Taylor was doubtful about playing Martha, but Burton convinced her this was the role of a lifetime. She only agreed to play Martha if Burton was cast as George. And the couple insisted that their friend Mike Nichols (known for his sophisticated satirical stage comic routine with Elaine May and as the director of Neil Simon Broadway comedies) direct, which would be his debut film.

Intimate ambiance
Nichols, who could be arrogant and impatient, clashed immediately with Lehman. Gefter calls the pairing "the blind leading the blind." Lehman had to condense Albee's three-and-a-half-hour play to a two-hour movie. Nichols sought to retain Albee's original dialogue, saying, "My job is not to 'fix' what Albee wrote, but to reveal it."

Nichols didn't like the original cinematographer Harry Stradling and had him replaced with the well-respected veteran Haskell Wexler, who used a hand-held camera to give the movie a naturalistic, intimate ambience. Nichols raged a long battle with Jack Warner to film in black and white, rather than screening it in color, which the studio sought.

Director Mike Nichols (photo: Wikipedia)  

Taylor agreed to gain 20 pounds for the role to look more middle-aged and wear a frumpy wig. However, rather than play Martha's age of 52, she drew the line at 48. She stormed out of the studio when Nichols told her to recite the exact lines in the script and didn't return till late, once offering the excuse that she had a long lunch with the Duke and Duchess of Windsor. She felt inadequate as Martha, with Burton giving her acting tips.

Off-set, Taylor would scream at Burton, then say, "That wasn't me, it was Martha." As expected, Taylor and Burton argued on the set, bringing their stormy relationship (also fueled by alcohol) to Martha and George. Taylor commented later that she found the set "cathartic. We would get all our shouting and brawling out on the set and then go home and cuddle."

It was precisely this blurry contrast between real-life husband-and-wife and their characters, which drew audiences to theaters making them voyeurs hoping the film might reveal secrets or insights about the couples' actual marriage.

Using Lehman's diary excerpts, Gefter reports the volatile atmosphere on-set was tense with tempers flaring, emotional outbursts, complicated by the fame and self-absorption of Taylor/Burton rendering them hard to handle. Nichols, Warner, and Lehman, to soothe their stars, sent Taylor/Burton gifts — her jewelry and him expensive liquor— though as an inside joke, Nichols delivered a 500-pound taxidermied moose head to their house.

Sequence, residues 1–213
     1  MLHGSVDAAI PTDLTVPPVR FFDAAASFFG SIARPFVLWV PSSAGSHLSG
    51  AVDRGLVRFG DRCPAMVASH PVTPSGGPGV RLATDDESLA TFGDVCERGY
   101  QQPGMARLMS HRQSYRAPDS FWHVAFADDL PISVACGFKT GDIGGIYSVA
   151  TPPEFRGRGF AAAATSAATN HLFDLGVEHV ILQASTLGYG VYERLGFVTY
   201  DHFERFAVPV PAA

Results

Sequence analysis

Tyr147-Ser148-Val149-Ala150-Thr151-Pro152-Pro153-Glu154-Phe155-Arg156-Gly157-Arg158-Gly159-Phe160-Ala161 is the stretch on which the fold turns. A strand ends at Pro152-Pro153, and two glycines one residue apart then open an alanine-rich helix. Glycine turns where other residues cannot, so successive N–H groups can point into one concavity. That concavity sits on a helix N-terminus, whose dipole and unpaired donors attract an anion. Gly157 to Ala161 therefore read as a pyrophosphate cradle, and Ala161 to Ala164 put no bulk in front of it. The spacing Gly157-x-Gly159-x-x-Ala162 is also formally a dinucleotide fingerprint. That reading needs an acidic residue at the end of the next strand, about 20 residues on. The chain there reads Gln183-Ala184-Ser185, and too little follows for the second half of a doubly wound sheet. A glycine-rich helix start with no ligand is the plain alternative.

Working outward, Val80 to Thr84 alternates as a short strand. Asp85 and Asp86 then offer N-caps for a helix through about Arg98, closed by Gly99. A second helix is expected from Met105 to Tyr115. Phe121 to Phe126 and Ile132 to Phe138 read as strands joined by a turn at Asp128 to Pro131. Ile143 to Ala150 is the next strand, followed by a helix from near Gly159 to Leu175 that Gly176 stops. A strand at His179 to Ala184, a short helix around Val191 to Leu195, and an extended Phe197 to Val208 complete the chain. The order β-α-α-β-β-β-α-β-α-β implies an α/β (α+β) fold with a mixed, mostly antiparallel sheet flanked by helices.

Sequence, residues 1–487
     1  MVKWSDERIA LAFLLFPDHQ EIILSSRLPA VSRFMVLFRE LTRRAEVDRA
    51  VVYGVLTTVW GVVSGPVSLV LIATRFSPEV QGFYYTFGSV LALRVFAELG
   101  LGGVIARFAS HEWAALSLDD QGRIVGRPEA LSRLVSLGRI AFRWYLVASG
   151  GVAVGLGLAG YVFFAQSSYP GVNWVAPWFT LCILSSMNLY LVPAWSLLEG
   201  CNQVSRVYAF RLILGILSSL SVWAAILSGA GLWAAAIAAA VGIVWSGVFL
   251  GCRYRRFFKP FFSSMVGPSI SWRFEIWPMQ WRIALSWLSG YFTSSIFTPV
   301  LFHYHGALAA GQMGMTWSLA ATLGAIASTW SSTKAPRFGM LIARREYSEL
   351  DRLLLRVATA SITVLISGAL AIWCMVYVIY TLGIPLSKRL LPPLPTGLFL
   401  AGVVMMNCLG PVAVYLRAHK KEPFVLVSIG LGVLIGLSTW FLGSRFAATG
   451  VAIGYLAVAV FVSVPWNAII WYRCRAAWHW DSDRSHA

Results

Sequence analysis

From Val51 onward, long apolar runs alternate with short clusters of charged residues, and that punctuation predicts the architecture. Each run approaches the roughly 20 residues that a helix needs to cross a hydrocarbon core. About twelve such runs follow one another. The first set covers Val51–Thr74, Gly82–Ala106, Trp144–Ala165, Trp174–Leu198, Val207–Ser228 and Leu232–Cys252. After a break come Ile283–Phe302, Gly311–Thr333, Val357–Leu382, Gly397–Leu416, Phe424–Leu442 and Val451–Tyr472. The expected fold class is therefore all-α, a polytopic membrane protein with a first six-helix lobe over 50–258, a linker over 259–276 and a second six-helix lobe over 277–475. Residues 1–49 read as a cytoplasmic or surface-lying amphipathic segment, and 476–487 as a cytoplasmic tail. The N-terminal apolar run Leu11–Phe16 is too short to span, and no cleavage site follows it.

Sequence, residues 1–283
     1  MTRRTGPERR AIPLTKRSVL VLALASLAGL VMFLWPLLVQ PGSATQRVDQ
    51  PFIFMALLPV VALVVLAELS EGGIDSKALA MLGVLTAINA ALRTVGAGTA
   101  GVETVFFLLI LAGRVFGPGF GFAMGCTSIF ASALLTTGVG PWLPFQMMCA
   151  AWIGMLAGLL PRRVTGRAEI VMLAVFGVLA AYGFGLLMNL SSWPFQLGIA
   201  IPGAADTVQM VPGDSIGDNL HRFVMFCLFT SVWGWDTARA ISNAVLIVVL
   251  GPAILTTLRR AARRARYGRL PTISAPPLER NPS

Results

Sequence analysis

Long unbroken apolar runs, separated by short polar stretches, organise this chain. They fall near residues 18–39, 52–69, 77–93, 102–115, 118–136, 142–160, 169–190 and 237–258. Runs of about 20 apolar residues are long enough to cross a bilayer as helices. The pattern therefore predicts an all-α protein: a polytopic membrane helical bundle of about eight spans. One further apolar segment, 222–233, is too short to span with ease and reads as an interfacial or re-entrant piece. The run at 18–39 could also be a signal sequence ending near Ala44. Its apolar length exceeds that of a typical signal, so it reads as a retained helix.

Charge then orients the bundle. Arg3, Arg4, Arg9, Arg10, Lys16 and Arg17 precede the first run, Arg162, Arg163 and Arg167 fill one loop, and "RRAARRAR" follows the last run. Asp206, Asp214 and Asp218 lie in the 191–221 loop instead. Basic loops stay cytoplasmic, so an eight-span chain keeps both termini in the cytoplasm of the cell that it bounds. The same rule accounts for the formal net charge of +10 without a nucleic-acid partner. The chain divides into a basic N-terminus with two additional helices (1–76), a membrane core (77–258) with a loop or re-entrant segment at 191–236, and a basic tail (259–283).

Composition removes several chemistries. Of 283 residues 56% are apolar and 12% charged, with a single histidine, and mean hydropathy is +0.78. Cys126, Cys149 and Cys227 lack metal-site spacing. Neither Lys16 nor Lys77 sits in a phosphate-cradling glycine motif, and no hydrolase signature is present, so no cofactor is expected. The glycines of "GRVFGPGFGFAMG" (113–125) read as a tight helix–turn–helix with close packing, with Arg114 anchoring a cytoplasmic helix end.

Lehman relied on tranquilizers and speed, while Nichols at times felt he was having a nervous breakdown. During postproduction, he became an obnoxious terror, insulting Lehman to his face, firing the composer he had never liked. Warner banned him from the studio lot.

Dirty picture
However, Nichols had an inspired idea to deal with the censorship threat. He invited his good friend, Jacqueline Kennedy, to the screening for the National Catholic Office for Motion Pictures and prompted her to say in a loud voice at the conclusion, "Jack would have loved this film," helping to secure a barely passable rating. Jack Warner's initial worried reaction was, "We've got a $7.5 million dirty picture on our hands."

But the public begged to differ. They and critics loved the movie. It snagged 13 Oscar nominations and won 5 awards, including one for Elizabeth Taylor, considered her greatest film performance, and for Dennis as supporting actress. Burton, Segal, Nichols, and Lehman were nominated, but lost.

Rewatching the film, one is struck how tame and dated it feels. It doesn't have the shock appeal it did when originally released, because everything from Ingmar Bergman's "Scenes from a Marriage," to "The Sopranos," "The Real Housewives," and "A Marriage Story," express rage, toxicity, and bad behavior at which Woolf seems a pale comparison.
But those films and TV shows are inconceivable without Woolf paving the way. It still retains its power to shatter illusions about marriage, depicting it with brutal, non-rose-colored-glasses-candor.

Gefter has produced a dishy, terrifically written, engrossing, page-turning cultural history. Even if you are very familiar with the film, its history, or Taylor and Burton, prepare to be surprised with new revelations. Cinematic stories about marriages were never the same after "Woolf," and we can all be grateful that the film still continues to force us, whether straight or queer, to confront our myths about relationships, sex, family, and yes, love.

'Cocktails with George and Martha: Movies, Marriage, and the Making of 'Who's Afraid of Virginia Woolf?' by Philip Gefter. Bloomsbury Publishing, $32.